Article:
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Who are Blockupy and what do they want?

Jörg Luyken · 18 Mar 2015, 12:47

Published: 18 Mar 2015 12:47 GMT+01:00

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The organisation represents the far left of the German political spectrum and counts among its number some 90 political organisations.

These include Die Linke, a party which stands to the left of the Social Democratic Party (SPD) and which grew out of the communist party of east Germany.

Also prominent are anti-capitalist activist group Attac, some trade unions and anti-fascist groups, reports Der Spiegel.

Blockupy also has an international representation, with organisations from France, Spain, Italy and Denmark involved.

What are its goals?

Blockupy states its aim as “resistance within the heart of the European crisis regime.”

By “crisis regime” it refers to the so-called Troika of the European Central Bank, The European Commission and the International Monetary Fund which have been negotiating debt deals with Greece since 2012.

“The aim of the “institutions” [the Troika] and their clients is to subjugate all of Europe to a debt that can never be repaid,” reads a statement on their website.

Was violence expected?

The police announced on Tuesday that there was a “high probability” that there would be violence.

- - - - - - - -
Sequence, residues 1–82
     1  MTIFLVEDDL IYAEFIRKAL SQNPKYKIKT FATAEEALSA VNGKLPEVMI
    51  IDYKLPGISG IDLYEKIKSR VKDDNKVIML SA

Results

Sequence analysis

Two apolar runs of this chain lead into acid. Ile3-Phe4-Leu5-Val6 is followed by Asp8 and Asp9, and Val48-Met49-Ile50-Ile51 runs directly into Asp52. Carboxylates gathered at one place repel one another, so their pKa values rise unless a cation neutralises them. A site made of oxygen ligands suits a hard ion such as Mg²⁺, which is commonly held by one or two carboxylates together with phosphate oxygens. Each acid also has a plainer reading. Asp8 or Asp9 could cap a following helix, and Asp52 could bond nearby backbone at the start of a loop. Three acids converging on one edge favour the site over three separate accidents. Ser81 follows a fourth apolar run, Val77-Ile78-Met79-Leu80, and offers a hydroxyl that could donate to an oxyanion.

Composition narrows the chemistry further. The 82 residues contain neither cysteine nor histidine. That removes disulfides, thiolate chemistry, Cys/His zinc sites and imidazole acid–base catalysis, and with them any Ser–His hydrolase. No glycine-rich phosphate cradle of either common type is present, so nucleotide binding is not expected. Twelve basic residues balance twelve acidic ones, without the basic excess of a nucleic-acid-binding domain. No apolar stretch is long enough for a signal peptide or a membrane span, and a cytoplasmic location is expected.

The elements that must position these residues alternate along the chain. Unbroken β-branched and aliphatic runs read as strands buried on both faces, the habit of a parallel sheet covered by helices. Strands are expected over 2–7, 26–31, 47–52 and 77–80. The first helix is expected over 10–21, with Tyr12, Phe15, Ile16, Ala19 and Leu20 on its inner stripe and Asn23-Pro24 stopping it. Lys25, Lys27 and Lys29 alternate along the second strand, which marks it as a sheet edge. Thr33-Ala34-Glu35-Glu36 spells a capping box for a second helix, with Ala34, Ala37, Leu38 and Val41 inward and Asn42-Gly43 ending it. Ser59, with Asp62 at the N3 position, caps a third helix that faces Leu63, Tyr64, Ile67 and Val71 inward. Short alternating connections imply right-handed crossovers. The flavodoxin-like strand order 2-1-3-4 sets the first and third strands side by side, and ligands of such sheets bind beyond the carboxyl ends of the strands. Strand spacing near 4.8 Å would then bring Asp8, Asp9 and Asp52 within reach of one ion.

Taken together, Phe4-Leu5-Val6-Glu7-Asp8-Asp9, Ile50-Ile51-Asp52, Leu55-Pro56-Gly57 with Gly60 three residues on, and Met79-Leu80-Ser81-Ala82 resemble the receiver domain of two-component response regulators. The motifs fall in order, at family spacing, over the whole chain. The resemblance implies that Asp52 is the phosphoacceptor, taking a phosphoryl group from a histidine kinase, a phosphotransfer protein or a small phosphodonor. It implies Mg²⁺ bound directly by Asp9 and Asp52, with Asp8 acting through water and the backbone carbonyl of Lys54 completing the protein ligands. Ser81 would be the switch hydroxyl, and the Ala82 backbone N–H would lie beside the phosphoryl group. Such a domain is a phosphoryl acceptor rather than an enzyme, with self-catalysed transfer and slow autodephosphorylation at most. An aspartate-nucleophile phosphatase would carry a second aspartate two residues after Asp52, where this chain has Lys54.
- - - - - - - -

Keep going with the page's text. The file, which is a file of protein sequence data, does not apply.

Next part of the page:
Earlier in March anti-fascist groups attacked the police and marchers at a protest by anti-islamic organisation Pegida in central Frankfurt, seriously injuring at least one demonstrator.

In May 2012 protesters at a left-wing rally seriously injured a police officer, when a demonstration spiralled out of control and ended up causing nearly €1 million's worth of damage in Frankfurt city centre.

What do Blockupy say about the violence?

Ulrich Wilken, a Die Linke politician, who organised the demonstration, said at a press conference on Wednesday: "I want to say that this morning did not go as we had wished. This is not what we had planned... I understand the great outrage... but this is not how German demonstration culture should be."

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In an earlier conversation with Berlin-Brandenburg Rundfunk, he explained the violence by saying that people who are affected by the Troika's policies “are very angry.”

On their official Twitter feed @blockupy, the organisation has so far posted pictures of the peaceful protests which are taking place. It has largely ignored the violence.

The Twitter feed also complains about police tactics, saying that police have “kettled” protesters. It encourages others to come and show their support.

Kettling is a police tactic of surrounding protesters, sometimes for hours at a time, blocking their ability to leave the area.


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Jörg Luyken (joerg.luyken@thelocal.com)

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